Vera Pauw is a Dutch born soccer coach who has had an incredible career and continues to make her mark on women’s football around the World. Vera has set a number of unique records in Dutch football as she was the first woman who played abroad, the first woman who earned a professional football coaching diploma and one of the first women to serve on the Technical Committee of FIFA (together with Sylvie Beliveau) and finally, she helped lay the foundations of the Dutch Premier League for women.
After a very successful international career as a coach which has seen Vera travelling the World to Scotland, Russia and South Africa, she now enters a new chapter as a Head Coach in one of the World’s most competitive women’s club leagues – The National Women’s Soccer League in the US.
In the lead up to the Rio Olympic Games when Vera was Head Coach of the South African Women’s Team, we spoke with her just days after a historic win against Equatorial New Guinea which saw her team qualify for the Olympic Games. To read the full interview, please CLICK HERE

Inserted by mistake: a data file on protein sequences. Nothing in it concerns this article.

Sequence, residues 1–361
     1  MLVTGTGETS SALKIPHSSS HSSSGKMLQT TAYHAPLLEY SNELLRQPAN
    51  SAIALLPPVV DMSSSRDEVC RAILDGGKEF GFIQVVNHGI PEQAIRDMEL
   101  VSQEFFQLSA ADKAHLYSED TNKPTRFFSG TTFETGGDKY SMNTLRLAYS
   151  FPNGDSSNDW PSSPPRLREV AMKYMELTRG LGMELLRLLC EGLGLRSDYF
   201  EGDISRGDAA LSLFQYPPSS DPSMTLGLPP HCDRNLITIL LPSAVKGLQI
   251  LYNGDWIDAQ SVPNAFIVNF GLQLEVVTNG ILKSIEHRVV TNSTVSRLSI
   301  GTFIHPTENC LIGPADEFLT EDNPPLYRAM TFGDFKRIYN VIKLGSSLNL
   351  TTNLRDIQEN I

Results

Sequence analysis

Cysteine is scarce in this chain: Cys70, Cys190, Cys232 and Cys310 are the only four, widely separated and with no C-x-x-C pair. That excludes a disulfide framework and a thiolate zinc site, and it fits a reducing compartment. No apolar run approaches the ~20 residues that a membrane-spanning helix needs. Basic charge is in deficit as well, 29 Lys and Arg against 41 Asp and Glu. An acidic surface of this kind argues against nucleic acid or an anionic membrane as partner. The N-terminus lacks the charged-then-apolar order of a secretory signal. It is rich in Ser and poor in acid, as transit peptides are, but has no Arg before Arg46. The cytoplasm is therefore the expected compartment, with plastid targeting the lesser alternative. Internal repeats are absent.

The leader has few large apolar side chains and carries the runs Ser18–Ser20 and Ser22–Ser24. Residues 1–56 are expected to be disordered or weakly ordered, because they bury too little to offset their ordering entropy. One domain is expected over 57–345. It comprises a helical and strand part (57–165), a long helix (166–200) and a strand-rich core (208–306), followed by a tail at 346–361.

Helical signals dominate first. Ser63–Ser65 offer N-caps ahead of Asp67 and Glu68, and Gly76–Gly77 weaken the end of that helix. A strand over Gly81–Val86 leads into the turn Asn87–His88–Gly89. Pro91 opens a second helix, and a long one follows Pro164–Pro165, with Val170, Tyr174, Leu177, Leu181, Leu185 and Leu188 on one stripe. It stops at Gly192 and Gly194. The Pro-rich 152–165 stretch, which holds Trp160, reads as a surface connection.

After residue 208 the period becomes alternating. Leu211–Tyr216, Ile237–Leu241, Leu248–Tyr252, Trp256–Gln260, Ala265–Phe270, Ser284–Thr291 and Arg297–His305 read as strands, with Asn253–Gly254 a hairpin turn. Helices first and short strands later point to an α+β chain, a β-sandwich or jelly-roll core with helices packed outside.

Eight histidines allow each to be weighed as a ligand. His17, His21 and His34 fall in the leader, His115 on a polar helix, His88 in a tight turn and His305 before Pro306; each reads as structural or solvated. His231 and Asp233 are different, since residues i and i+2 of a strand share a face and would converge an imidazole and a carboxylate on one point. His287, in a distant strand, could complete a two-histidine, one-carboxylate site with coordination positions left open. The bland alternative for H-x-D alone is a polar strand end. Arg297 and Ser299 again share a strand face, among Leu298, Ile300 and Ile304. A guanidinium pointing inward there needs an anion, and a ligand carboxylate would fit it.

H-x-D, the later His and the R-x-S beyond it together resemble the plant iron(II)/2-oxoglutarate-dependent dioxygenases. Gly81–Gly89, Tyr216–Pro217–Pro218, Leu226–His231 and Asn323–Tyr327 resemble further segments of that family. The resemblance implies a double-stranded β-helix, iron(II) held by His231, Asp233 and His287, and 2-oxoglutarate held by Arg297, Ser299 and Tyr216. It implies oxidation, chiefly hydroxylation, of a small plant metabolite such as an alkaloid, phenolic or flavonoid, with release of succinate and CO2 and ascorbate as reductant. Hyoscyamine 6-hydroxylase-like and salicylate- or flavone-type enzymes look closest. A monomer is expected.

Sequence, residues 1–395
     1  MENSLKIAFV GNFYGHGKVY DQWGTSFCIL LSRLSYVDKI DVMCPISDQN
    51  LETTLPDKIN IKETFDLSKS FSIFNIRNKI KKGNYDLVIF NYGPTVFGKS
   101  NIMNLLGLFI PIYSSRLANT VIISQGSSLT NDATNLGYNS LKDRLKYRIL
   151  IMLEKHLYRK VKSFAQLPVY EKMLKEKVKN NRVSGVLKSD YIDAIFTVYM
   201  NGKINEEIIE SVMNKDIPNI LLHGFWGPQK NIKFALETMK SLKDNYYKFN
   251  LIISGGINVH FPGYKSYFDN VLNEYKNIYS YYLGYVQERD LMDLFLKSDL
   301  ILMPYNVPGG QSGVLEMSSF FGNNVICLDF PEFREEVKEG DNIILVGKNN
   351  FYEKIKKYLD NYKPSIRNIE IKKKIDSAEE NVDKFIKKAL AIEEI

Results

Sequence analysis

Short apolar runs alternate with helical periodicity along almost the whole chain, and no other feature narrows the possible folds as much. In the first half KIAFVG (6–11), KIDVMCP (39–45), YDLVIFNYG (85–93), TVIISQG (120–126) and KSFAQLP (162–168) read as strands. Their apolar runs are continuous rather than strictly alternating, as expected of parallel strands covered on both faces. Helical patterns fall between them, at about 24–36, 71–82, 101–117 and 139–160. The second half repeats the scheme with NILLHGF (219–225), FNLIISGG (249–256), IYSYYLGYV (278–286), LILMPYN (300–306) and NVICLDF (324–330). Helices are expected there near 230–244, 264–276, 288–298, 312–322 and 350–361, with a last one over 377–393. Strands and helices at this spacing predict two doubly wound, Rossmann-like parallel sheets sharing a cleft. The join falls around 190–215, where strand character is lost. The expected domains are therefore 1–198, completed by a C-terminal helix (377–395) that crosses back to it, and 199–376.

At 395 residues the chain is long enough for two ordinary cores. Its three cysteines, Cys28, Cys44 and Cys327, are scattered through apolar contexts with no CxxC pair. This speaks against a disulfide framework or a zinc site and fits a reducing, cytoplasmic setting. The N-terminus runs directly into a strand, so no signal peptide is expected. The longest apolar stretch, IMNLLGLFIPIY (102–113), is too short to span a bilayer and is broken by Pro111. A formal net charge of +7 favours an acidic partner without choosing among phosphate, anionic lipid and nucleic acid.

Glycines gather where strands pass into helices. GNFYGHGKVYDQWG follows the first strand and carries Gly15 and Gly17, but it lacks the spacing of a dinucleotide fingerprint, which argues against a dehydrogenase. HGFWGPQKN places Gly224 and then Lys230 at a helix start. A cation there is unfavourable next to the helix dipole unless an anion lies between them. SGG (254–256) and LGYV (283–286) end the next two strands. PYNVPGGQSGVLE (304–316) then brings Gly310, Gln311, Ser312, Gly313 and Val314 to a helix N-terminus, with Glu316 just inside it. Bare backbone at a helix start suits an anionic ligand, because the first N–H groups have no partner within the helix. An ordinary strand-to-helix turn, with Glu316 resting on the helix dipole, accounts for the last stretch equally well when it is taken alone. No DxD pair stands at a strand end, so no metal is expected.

On November 28th 2017, it was announced that Vera was to become the third coach in Houston Dash history and the first female coach in the franchise history. Her aim will be to take Houston to it’s first playoff appearance.
Vera is now one of three female coaches currently in the NWSL, joining English born coach Laura Harvey and US born coach Denise Reddy. Laura, who had spent 5 seasons previously with Seattle Reign will be entering her first season with Utah, and Denise, who was the Assistant with Washington Spirit for the last two seasons will be entering her first as Head Coach of Sky Blue FC.